Africa’s opportunity to fully exploit the green gold


People may argue that the energy transition to cleaner sources may take about 20 to 25 years before its impact will be significant. The rise in carbon emissions and its impact on the earth is a fuelling factor to this transition that is increasing over time.

Even if it takes 50 or 100 years for renewable energy to fully take over, it is a revolution that will eventually take place. There was a time when people used to travel on horses, chariots and other ‘primitive’ transportation means. There was an age when energy was not fully utilised, and this was before the industrial revolution when coal was in huge demand; we were not in a position to benefit fully.

Gradually, coal was phased down, oil and gas overtook coal as the number-one energy source – and at that point we were still not in a position to benefit and manage these resources by ourselves before their value peaked.  The main concern currently is that in the next 20 or 30 years to come, renewable energy industries will dominate the energy sector. How many battery production companies, photovoltaic production companies and renewable energy-based companies would have emerged from Ghana or Africa at large? Will we be in a position to make benefits from this revolution? Will we be in a position to manage and harness clean energy?

The energy market is global. It is very important we do not disregard the fact that, even if you make decisions in isolation locally, it is only a matter of time before the international market for energy renders these decisions null.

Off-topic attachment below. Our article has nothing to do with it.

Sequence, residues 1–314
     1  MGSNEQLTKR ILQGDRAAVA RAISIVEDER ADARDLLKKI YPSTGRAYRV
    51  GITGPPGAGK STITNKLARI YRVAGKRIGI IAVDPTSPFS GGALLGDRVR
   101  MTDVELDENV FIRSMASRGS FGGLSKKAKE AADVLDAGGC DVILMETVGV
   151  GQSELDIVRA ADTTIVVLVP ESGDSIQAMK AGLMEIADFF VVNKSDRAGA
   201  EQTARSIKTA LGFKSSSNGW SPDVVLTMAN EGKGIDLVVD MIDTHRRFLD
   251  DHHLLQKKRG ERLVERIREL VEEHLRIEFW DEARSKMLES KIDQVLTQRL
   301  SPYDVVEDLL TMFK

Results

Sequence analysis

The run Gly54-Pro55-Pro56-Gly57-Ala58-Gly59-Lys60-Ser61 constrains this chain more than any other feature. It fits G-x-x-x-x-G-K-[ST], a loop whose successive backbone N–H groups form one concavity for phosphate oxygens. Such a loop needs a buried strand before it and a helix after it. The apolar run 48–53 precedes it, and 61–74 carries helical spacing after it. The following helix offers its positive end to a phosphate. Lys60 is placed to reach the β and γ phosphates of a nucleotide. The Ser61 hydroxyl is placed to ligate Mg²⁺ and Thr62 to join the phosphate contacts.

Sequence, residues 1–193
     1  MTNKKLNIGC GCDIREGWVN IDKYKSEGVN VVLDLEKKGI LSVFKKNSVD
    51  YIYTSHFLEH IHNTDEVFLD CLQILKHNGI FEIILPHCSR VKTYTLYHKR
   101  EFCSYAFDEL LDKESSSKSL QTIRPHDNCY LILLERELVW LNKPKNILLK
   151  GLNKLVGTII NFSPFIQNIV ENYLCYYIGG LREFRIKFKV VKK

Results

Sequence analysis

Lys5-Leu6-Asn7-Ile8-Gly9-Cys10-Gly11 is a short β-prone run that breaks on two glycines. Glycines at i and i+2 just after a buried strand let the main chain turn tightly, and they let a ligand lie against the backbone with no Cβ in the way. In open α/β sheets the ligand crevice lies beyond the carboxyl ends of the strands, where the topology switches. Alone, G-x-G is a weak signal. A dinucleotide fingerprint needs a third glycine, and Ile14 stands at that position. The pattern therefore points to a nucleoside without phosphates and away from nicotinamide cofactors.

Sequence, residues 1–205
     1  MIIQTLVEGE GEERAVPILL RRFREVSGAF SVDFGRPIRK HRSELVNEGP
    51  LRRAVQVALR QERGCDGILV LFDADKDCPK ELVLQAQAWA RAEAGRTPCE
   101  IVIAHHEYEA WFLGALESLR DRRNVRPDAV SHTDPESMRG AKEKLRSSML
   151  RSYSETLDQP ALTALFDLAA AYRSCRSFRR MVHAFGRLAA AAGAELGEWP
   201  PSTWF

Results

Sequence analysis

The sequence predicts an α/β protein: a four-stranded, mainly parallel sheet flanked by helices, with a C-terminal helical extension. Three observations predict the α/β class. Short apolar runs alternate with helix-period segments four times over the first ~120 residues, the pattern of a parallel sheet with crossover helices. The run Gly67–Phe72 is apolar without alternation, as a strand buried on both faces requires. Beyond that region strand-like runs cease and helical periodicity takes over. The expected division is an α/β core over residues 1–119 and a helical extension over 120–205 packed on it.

Imagine a country with large oil reserves without combustion engines or countries to sell to. In the near-future, the world will have moved on from relying on oil and gas being the number-one energy source.

Will we be ready, and in a position to benefit?

Taking Ghana as a key study, after over a decade into oil and gas production the country can hardly boasts any world-class indigenous oil and gas company currently in production. The mentality of waiting for appetite for an energy source to peak before giving that sector attention has to change.

The reason I believe the advocacy for energy transition should not be overlooked is that Ghana and Africa have lithium in large quantities which enable us to invest heavily in battery production – plus access to sunlight for solar power, geothermal energy, natural gas, biofuel, biogas, ethanol fuel, wind and other renewable energy sources.

Waiting for appetite for this new power source to peak before getting in on the action will once again set us back as a country and a continent.

The shift from oil and gas as the main source of energy will take time and not happen overnight. But the wheels are already in motion, it is important to diversify and think of setting up Integrated Energy Enterprises. This puts us in a position not to be completely left behind when the revolution comes.

Policies need to be made to ensure this emerging industry looks appetising to the local investor. Policies that project into the future not only enrich the nation but also increase contributions to environment preservation. The change will not wait on us, and it’s time to swiftly prioritise clean energy as the next step.

We have stifled our growth and resource development for far too long. With another revolution on the horizon, it is now time plans were made to embrace this revolution and tap into both its economic and environmental benefits.

The time is now.

>>>the writer is CEO of Starzec Energy Company. He can be reached on [email protected]

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